Mr. Lawrence Cunliffe (Leigh) : First, I declare my interest in the issue. I am vice-chairman of the leisure and recreation industry group. My hon. Friend the Member for Liverpool, Walton (Mr. Kilfoyle) rightly and sincerely made some valid points about the way in which addiction to gambling can come from licensed betting shops. The all-party racing and bloodstock committee would, of course, condemn any growth in such addiction.
In the past 10 years, social trends have changed rapidly. There are 10 million households in which the man and wife both work, and one or both may work on Saturdays or Sundays. A problem arises in relation to leisure. I assure my hon. Friend the Member for Walton that when, as chairman of the all-party group, I address conferences such as the clubs' annual conference, I make it clear that there is no such thing as a benevolent brotherhood of bookmakers, bankers and brewers, although they are all obviously interested in the leisure and racing industries.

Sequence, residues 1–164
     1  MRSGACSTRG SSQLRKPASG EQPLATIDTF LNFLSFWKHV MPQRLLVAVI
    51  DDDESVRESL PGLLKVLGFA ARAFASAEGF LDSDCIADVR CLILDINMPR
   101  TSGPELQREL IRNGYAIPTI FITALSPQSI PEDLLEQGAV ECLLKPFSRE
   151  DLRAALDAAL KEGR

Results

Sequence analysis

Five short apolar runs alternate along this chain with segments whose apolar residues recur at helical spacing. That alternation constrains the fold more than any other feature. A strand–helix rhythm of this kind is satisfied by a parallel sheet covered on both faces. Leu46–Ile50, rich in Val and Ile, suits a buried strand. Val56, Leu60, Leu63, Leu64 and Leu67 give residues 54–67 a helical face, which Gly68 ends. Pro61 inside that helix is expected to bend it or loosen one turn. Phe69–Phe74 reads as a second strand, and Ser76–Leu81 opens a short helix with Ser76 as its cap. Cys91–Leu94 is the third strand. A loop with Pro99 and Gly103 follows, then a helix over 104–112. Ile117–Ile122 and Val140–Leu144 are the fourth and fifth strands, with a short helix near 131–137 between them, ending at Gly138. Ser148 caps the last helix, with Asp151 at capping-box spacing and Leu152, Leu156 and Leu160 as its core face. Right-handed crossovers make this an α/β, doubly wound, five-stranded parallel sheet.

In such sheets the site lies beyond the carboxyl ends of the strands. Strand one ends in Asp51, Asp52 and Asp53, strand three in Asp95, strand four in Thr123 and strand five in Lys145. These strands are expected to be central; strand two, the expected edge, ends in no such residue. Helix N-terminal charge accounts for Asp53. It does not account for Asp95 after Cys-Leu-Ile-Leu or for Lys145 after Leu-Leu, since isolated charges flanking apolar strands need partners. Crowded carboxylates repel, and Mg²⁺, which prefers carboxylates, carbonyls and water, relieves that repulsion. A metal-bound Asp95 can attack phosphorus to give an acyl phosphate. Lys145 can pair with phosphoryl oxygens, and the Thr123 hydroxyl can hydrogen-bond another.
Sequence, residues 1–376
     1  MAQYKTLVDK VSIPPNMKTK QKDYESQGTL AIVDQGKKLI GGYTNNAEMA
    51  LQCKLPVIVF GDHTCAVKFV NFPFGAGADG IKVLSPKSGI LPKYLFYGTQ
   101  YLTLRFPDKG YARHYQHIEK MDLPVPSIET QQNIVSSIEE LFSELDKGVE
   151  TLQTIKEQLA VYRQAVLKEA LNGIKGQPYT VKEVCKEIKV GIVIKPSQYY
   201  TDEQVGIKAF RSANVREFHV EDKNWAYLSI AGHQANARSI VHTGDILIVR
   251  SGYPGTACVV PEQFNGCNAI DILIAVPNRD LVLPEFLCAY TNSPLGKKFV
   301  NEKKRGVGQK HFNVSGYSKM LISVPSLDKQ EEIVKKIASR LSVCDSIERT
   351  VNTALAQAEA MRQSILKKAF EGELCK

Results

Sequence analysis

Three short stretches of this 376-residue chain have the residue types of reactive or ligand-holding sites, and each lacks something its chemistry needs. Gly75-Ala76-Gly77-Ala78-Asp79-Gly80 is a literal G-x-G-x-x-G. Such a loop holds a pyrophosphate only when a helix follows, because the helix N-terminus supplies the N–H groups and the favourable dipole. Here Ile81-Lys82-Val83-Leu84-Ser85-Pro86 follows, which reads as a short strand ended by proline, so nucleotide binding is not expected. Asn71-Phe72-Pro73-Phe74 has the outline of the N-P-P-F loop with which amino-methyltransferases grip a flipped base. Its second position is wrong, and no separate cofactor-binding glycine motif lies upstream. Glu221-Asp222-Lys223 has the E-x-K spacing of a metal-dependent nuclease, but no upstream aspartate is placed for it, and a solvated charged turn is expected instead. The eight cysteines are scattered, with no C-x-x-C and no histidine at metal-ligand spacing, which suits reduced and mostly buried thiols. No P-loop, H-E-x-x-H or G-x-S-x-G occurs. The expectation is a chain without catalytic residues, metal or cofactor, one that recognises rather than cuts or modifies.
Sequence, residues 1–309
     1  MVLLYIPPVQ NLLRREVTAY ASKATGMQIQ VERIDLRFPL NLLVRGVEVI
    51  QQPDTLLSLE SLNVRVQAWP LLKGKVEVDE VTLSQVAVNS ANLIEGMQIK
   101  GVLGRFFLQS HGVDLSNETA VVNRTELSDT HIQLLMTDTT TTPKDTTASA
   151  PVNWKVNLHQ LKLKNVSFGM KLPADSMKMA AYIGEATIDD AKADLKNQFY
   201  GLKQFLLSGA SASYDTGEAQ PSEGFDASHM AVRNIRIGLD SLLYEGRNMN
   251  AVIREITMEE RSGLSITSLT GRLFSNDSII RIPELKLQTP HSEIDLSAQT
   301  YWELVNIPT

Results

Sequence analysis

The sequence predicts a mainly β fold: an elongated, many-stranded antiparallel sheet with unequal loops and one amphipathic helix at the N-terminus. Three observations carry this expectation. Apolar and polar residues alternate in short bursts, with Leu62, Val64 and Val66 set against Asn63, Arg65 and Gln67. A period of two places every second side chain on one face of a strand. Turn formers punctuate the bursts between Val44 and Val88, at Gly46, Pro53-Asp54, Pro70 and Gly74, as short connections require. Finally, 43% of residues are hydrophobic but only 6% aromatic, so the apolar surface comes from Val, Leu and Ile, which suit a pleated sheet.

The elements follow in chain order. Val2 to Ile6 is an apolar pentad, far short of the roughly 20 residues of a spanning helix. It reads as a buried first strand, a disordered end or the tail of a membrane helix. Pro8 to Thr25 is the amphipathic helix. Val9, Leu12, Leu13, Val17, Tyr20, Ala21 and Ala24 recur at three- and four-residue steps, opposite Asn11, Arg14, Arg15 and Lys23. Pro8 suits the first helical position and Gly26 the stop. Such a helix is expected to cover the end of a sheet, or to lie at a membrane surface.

Leisure has become an integral part of racing. Racing is a real and large industry, which is dependent on the leisure industry. Only last week, Haydock Park had model exhibitions, fairs and May day celebrations--non- political in content--to supplement the income from racing. Increasingly, there is dual usage, with football pitches or even rugby pitches in the centre of race courses. [Hon. Members :-- "What about fishing ?] Fishing or anything else will do. It is all part and parcel of our social network. It is imperative that there is support for the increase in activity that is envisaged over the next 10 or 15 years.